Posted by Beth Macbeth on Monday, March 24, 2008 at 11:31am.
Electrons accelerated by a potential difference of 12.87 V pass through a gas of hydrogen atoms at room temperature. Calculate the wavelength of light emitted with the longest possible wavelength.
I don't know what equation to use. Any help would be greatly appreciated.

*physics*  bobpursley, Monday, March 24, 2008 at 11:58am
You know the KE of the electrons. They can pass this quantized energy to the hydrogen atom. Set this equal to 13.6v
http://musr.physics.ubc.ca/~jess/hr/skept/QM1D/node4.html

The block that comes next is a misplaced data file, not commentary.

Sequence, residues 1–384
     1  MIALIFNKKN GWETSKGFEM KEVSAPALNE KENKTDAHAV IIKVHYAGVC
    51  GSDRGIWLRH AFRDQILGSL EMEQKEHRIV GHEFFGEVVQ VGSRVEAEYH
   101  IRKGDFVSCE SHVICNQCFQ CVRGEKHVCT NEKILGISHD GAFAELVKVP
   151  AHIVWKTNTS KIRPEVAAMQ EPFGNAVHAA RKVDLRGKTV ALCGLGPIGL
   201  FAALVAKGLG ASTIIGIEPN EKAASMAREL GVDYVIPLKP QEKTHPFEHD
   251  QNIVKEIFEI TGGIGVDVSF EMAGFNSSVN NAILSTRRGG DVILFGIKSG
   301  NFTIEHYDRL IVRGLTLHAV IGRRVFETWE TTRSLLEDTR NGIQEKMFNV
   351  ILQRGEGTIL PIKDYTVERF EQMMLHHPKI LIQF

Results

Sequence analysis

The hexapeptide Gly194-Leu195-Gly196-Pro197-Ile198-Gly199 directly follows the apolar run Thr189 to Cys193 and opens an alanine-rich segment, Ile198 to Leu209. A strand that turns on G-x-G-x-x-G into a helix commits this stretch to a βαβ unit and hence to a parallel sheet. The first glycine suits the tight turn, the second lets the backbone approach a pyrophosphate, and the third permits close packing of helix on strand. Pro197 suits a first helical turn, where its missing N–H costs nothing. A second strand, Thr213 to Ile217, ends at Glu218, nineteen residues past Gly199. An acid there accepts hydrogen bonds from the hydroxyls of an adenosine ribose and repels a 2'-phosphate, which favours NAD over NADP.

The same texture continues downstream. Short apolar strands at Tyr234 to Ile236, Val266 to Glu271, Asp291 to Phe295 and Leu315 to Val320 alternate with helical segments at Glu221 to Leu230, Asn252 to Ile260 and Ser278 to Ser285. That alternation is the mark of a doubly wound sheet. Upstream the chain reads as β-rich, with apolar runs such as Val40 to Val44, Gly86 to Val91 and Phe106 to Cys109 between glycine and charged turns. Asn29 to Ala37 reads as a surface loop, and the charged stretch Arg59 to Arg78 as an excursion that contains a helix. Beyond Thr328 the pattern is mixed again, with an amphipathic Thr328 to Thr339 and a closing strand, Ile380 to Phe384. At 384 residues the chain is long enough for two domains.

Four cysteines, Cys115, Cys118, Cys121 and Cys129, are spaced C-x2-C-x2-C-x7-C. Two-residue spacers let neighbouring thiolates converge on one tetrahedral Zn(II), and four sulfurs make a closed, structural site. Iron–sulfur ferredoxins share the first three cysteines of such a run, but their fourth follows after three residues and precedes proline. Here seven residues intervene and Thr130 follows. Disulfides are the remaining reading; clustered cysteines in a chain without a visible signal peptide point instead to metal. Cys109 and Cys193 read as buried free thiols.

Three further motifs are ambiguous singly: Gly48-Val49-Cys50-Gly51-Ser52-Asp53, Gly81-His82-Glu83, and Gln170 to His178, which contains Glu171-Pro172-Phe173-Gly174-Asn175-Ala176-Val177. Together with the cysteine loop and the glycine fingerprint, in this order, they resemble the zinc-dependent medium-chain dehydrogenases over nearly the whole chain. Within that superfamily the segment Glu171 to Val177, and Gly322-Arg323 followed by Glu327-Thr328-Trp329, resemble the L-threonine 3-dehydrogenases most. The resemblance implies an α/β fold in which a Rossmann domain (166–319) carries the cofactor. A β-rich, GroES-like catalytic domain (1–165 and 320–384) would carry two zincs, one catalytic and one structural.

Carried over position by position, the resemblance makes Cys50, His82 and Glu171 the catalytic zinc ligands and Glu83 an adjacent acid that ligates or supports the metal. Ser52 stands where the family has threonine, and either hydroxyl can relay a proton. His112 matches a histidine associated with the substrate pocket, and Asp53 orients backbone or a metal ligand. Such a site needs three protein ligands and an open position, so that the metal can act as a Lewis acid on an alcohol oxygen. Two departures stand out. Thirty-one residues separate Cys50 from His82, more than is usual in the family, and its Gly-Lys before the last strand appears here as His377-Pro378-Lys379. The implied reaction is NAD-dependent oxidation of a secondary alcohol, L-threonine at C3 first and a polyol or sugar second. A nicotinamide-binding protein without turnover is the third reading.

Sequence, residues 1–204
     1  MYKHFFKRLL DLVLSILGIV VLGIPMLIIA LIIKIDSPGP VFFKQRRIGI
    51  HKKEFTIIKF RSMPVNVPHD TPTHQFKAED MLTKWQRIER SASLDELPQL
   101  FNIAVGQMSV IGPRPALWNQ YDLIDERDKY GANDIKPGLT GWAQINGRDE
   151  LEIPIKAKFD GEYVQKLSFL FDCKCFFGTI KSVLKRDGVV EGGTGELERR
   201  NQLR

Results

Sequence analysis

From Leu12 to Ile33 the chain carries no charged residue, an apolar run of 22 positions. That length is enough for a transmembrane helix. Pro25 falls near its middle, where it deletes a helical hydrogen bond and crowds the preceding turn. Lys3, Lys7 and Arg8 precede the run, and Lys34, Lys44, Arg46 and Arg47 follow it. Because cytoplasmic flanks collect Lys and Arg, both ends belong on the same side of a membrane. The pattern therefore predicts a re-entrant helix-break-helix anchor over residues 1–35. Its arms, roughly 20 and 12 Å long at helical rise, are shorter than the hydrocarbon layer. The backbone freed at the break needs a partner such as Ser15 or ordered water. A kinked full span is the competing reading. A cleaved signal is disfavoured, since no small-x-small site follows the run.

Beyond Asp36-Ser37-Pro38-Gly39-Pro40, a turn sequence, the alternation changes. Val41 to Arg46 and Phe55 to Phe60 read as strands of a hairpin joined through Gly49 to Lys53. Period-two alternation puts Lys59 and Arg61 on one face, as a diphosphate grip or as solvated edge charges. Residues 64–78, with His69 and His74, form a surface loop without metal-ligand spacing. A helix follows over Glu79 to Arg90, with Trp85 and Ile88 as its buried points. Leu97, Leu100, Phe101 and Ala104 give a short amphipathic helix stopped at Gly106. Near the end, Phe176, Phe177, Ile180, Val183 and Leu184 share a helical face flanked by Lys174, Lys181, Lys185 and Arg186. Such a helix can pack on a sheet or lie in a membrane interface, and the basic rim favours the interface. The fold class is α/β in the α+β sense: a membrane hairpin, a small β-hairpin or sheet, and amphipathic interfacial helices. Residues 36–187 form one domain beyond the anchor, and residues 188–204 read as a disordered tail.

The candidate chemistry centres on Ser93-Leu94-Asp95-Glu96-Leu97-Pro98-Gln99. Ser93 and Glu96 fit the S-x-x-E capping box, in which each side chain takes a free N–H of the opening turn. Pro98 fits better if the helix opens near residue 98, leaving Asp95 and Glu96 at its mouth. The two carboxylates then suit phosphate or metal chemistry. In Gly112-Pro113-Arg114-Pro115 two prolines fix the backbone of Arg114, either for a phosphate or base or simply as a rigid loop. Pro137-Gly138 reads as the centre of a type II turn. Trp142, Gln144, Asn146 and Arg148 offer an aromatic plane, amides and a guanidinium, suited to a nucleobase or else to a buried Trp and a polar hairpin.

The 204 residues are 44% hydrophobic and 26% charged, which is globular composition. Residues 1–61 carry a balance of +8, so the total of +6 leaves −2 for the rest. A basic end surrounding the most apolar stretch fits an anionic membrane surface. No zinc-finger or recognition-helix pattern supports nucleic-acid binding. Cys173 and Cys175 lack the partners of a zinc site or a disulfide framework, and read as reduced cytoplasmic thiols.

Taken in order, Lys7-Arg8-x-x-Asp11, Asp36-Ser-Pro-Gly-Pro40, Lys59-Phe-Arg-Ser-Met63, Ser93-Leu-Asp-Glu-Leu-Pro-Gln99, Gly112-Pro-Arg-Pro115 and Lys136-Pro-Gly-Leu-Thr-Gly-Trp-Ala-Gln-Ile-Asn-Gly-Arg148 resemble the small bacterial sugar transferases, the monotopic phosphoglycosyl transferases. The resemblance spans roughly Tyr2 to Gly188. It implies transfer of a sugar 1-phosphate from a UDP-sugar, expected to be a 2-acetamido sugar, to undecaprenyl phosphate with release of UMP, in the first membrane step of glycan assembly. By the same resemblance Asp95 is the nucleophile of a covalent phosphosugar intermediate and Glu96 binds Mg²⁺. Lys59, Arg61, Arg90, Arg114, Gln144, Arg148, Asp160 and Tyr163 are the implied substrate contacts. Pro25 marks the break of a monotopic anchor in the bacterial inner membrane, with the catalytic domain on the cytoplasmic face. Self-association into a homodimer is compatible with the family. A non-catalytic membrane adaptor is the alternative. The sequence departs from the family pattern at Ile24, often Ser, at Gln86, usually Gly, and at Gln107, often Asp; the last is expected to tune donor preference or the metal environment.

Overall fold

or
12.87>13.6 (1/n^2  1/m^2) What n, m will work? The longest wavelength will occur at the least energy, or n is very large, and m is infinity. So the question bothers me, if it read calculate the shortest wavelength, then energy would be as close to 12.87 as possible, the highest frequency (low wavelength). So if it is that, then n=1, m=very large will work. Then
12.87=plancks constant(c/lambda) and you can calculate lambda. But again, this is the shortest wavelength.
Check my thinking.
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